Chinese sage may provide alcoholism cure
The active ingredient in Chinese medicinal sage could help alcoholics beat their addiction, Italian researchers said.
The National Research Council’s institute in Cagliari says the herb, Salvia Miltiorrhiza, has been used for centuries in China to treat blood diseases, heart disorders and insomnia, ANSA said Thursday.
Researcher Giancarlo Colombo said Chinese sage reduced alcohol consumption in mice and eliminated a “customary spike in drinking seen when mice go back on the bottle after being on the wagon for a while,” ANSA said.
Scientists said the herb may help turn alcoholics into moderate drinkers.
“It’s been working brilliantly in mice and we’re about to start on our human guinea pigs, once we’re sure it’s entirely safe,” Colombo said.
Alcohol Clin Exp Res. 2006 May;30(5):754-62.
Identification of miltirone as active ingredient of Salvia miltiorrhiza responsible for the reducing effect of root extracts on alcohol intake in rats.
Colombo G, Serra S, Vacca G, Orrù A, Maccioni P, Morazzoni P, Bombardelli E, Riva A, Gessa GL, Carai MA.
C.N.R. Institute of Neuroscience, Cagliari, Italy. email@example.com
BACKGROUND: Previous work found that extracts from the roots of Salvia miltiorrhiza, a Chinese medicinal herb, reduced alcohol intake in selectively bred Sardinian alcohol-preferring (sP) rats. The present study was designed to evaluate whether miltirone, one of the possible active constituents of S. miltiorrhiza, might be responsible for the reducing effect of the extracts on alcohol intake. METHODS: An initial experiment assessed the effect of 100 mg/kg (intragastric, i.g.) of 4 extracts of S. miltiorrhiza, differing in miltirone content (0, 2, 3, and 7%, respectively), on alcohol intake in alcohol-experienced sP rats exposed to the 2-bottle “alcohol (10%, volume in volume) versus water” choice regimen. Subsequently, the effect of pure miltirone (2.5-10 mg/kg, i.g., i.e., a dose range comparable to its content in the effective doses of the active extracts) on acquisition and maintenance of alcohol-drinking behavior was evaluated in alcohol-naive and alcohol-experienced sP rats exposed to the 2-bottle choice regimen. The effect of miltirone (10 mg/kg, i.g.) on blood alcohol levels was assessed after the i.g. and intraperitoneal (i.p.) administration of alcohol. Finally, the effect of miltirone (30-100 mg/kg, i.g.) on the severity of alcohol withdrawal syndrome was evaluated in Wistar rats made physically dependent on alcohol by the repeated administration of intoxicating doses of alcohol. RESULTS: The reducing effect of 4 different extracts of S. miltiorrhiza on alcohol intake was positively and significantly correlated with their miltirone content. Pure miltirone reduced alcohol intake in alcohol-experienced rats and delayed acquisition of alcohol-drinking behavior in alcohol-naive rats. Similar to S. miltiorrhiza extracts, miltirone markedly reduced blood alcohol levels when alcohol was administered i.g. but not i.p., suggesting that miltirone hampered alcohol absorption from the gastrointestinal system. Finally, miltirone failed to affect the severity of alcohol withdrawal syndrome in alcohol-dependent rats. CONCLUSIONS: The results of the present study suggest that miltirone is the likely active constituent of S. miltiorrhiza responsible for the reducing effect of its extracts on alcohol intake in different experimental models of excessive alcohol consumption.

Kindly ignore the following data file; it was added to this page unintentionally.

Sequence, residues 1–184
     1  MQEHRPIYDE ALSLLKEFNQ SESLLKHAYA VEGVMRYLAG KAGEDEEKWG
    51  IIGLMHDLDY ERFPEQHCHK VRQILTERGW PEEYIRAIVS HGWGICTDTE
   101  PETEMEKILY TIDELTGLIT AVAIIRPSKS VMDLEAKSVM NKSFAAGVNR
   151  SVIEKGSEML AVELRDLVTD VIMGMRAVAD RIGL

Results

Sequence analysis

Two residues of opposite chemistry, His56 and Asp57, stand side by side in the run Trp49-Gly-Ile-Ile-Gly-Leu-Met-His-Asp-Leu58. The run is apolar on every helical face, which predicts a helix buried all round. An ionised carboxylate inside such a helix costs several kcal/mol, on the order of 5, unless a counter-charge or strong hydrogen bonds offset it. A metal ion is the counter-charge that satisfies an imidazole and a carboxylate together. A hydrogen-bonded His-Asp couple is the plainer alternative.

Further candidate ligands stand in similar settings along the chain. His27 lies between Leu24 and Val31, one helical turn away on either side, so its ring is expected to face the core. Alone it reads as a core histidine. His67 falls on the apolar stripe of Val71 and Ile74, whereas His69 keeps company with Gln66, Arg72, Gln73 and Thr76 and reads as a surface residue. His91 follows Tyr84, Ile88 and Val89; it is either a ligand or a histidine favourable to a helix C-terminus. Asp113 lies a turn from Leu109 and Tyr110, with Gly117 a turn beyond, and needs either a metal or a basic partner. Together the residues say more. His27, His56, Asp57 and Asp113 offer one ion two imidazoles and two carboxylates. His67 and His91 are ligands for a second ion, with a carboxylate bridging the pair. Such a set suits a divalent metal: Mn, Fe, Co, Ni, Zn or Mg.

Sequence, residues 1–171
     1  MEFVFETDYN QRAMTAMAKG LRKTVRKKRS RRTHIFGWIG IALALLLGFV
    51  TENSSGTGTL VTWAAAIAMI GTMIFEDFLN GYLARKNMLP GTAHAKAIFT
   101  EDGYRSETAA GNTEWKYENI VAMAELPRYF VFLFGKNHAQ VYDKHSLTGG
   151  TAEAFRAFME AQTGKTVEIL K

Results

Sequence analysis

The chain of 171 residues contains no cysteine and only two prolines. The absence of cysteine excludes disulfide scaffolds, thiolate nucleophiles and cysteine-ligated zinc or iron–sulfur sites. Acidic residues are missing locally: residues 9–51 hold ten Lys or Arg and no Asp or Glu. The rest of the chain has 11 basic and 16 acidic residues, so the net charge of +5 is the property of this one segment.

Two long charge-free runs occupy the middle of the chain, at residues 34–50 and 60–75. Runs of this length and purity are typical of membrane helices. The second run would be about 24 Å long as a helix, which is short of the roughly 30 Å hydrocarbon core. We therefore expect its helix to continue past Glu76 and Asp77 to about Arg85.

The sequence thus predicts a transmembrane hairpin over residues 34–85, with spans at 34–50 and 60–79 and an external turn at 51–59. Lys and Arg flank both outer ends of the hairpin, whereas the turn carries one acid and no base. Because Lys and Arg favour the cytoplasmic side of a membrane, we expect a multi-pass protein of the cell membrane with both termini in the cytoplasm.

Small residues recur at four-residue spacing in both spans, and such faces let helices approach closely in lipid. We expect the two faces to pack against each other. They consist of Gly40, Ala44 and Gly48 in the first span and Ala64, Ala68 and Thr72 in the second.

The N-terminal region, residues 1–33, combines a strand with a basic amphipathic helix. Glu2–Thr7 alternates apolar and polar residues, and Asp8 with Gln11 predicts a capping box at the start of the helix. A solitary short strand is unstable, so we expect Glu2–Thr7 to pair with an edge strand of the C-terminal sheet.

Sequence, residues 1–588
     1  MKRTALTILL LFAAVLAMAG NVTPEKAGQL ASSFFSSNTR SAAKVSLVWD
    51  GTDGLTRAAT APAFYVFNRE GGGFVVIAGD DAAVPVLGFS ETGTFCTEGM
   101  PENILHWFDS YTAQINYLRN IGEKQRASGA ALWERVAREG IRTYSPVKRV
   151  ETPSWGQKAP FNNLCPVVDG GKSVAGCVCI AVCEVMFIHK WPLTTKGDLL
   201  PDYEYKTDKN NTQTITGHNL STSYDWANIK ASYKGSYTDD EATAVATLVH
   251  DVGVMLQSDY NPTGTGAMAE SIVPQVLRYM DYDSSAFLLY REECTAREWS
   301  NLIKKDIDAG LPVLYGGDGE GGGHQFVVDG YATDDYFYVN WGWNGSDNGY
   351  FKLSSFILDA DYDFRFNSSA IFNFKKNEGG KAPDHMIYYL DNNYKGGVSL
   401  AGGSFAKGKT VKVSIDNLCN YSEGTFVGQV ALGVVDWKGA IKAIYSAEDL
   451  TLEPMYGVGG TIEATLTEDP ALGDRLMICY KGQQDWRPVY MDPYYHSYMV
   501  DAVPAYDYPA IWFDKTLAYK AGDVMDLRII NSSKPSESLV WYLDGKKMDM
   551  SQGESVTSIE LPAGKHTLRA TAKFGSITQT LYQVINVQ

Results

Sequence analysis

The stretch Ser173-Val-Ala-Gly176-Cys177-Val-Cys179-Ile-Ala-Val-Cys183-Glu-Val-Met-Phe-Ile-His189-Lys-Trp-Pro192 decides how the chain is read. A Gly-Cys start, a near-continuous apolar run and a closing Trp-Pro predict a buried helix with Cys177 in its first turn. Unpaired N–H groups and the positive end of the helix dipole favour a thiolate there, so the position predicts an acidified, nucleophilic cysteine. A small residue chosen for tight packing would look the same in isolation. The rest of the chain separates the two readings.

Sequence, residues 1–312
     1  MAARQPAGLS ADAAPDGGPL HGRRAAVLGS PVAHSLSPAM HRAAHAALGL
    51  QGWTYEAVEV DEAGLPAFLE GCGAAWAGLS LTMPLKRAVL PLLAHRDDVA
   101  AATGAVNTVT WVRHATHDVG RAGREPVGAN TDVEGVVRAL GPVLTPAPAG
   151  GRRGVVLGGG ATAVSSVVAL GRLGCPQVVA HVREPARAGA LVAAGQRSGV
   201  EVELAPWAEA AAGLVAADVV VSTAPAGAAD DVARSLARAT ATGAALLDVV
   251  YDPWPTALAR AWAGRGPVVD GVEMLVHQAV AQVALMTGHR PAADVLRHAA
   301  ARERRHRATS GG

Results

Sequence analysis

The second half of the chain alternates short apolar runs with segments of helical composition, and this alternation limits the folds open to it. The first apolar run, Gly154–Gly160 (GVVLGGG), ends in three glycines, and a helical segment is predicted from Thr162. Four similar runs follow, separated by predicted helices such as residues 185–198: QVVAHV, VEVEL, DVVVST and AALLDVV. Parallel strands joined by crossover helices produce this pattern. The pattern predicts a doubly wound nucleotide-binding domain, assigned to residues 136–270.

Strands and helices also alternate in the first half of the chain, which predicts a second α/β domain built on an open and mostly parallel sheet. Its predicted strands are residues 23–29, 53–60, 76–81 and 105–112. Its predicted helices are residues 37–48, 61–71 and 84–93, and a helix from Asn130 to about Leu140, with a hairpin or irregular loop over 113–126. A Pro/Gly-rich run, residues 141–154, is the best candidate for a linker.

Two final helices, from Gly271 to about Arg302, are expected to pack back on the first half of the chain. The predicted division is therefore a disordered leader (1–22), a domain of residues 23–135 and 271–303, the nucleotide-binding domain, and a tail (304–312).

PMID: 16634843 [PubMed – indexed for MEDLINE]